The North Saskatchewan River near Prince Albert. Courtesy Mervin Brass of Treaty 4 News
The FSIN is demanding representation at the command centre dealing with the Husky Oil pipeline rupture into the North Saskatchewan River last week.
Chief Bobby Cameron says the Sweetgrass First Nation, the Battlefords Tribal Council and the Prince Albert Grand Council are all working to prepare for the oil slick as it nears their communities.
“Industry has tried to minimize these types of impacts,” he says. “So what’s the true impact of this oil spill? We do not know. Are the booms going to contain all the oil? Absolutely not. So this could go on for years and years and years.”
He says First Nations are being kept apprised of the latest developments, but he is calling on Husky Oil to add First Nation representatives at the command centre.
“To have full inclusion from our First Nations perspective,” he says. “And we also say this to Husky Oil and the other industry sectors out there: If you want true partnership, true dialogue, you have to have our elders advisory council to speak and to help and assist any way we can. Our elders are the true knowledge keepers of this land.”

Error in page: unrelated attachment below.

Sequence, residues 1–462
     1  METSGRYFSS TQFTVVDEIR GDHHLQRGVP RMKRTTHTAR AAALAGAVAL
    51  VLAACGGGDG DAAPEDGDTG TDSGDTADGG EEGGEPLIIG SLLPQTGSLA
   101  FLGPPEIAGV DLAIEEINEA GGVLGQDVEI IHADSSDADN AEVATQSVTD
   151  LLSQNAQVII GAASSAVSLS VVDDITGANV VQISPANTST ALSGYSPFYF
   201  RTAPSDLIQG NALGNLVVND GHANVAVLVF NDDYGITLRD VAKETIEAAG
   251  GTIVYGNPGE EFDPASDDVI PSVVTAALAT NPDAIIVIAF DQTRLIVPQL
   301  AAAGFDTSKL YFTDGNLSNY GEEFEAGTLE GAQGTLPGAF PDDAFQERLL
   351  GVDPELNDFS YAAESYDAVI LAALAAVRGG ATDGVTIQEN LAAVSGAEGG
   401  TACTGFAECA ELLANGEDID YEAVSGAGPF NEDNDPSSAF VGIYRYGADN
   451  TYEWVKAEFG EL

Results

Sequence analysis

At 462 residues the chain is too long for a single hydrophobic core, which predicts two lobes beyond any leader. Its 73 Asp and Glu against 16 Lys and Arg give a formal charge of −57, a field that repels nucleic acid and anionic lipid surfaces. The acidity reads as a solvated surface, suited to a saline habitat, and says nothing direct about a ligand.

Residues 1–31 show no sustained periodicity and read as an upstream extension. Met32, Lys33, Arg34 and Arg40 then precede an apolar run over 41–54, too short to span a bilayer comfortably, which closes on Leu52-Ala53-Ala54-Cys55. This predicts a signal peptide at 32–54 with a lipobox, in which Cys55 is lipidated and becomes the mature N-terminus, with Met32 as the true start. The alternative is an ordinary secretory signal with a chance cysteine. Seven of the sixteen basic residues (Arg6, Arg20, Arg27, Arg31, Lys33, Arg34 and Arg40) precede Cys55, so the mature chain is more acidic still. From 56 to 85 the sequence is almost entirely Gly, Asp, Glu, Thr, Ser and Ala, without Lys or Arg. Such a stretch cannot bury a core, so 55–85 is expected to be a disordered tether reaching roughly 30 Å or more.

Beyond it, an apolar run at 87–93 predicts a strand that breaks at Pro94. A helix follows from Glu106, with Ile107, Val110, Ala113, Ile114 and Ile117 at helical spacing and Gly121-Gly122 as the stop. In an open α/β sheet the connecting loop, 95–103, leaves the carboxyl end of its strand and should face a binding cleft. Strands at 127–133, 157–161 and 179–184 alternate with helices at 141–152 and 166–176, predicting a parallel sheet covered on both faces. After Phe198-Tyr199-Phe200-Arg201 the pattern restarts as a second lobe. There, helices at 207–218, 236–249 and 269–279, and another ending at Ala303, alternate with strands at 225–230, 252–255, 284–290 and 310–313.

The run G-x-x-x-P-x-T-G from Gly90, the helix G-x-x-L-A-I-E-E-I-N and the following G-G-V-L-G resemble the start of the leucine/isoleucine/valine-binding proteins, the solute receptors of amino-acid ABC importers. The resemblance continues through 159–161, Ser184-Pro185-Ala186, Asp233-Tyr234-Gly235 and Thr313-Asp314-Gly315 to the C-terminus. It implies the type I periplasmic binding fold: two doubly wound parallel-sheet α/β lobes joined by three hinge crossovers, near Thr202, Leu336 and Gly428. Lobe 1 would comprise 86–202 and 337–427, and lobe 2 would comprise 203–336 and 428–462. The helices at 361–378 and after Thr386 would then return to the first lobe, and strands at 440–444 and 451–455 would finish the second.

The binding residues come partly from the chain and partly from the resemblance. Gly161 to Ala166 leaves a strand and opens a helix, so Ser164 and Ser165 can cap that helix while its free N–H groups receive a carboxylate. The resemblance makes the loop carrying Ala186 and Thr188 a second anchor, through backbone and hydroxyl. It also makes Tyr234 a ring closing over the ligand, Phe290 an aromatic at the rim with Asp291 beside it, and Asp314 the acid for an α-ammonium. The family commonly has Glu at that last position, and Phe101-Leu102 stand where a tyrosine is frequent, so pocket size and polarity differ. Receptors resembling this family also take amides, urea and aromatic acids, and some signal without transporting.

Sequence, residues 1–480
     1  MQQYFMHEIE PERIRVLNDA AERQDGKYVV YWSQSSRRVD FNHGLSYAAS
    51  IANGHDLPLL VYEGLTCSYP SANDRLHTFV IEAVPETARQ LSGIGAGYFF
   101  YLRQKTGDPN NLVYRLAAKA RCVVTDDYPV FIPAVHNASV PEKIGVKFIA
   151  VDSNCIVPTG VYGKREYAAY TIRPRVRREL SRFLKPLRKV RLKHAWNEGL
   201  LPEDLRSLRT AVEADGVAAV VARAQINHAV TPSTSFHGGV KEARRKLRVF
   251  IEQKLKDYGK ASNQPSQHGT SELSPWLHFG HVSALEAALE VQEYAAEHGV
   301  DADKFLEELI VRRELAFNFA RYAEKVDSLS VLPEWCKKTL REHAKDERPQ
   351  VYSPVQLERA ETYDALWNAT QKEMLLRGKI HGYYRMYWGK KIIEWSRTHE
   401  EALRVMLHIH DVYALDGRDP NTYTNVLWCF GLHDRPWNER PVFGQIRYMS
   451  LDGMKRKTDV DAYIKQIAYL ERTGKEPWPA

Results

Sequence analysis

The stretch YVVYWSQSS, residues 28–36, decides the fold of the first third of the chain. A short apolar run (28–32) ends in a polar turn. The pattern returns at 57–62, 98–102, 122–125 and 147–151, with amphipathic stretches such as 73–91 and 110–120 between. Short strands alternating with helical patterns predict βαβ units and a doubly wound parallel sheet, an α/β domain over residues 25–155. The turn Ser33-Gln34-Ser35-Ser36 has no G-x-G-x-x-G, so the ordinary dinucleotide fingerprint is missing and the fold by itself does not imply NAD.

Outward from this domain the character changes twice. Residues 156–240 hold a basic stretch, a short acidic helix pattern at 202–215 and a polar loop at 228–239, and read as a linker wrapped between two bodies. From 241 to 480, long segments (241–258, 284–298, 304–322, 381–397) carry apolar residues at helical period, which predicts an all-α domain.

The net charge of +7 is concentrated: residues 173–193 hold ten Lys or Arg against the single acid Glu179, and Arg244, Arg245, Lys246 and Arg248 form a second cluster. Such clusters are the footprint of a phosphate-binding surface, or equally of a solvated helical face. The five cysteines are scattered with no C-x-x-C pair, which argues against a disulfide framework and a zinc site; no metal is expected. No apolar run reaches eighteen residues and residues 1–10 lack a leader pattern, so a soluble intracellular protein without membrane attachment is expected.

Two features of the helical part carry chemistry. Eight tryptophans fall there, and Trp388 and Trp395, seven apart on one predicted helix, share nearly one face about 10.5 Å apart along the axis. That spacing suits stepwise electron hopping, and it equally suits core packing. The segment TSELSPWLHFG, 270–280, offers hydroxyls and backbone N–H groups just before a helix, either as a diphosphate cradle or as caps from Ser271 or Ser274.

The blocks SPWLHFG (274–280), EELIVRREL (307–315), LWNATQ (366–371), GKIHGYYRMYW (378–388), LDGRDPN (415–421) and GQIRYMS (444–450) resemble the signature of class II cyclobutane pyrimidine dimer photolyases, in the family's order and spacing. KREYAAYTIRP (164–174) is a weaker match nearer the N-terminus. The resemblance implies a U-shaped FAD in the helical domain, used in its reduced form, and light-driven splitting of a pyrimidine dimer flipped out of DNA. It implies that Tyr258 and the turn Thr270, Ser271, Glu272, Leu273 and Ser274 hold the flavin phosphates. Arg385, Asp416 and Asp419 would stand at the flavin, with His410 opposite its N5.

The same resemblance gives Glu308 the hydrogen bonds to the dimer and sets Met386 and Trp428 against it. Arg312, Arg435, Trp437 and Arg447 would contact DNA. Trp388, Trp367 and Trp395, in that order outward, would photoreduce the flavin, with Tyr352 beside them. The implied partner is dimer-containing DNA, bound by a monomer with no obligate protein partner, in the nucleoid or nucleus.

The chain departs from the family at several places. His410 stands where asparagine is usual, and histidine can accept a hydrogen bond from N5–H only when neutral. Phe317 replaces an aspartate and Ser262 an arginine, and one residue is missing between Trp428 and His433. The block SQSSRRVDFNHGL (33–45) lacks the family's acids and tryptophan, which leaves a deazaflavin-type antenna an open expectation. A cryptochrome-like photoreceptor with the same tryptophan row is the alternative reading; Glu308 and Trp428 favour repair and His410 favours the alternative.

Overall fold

The equivalent of two rail cars of crude oil spilled into the river last Thursday, but efforts to contain the slick were only partially successful. About half the spill has been recovered.
Prince Albert has now shut down its water intake after the oil reached the city this morning. Drastic water restrictions are being put in place.
A temporary 30-kilometre water pipeline to the South Saskatchewan River is being built should the crisis last more than a few days.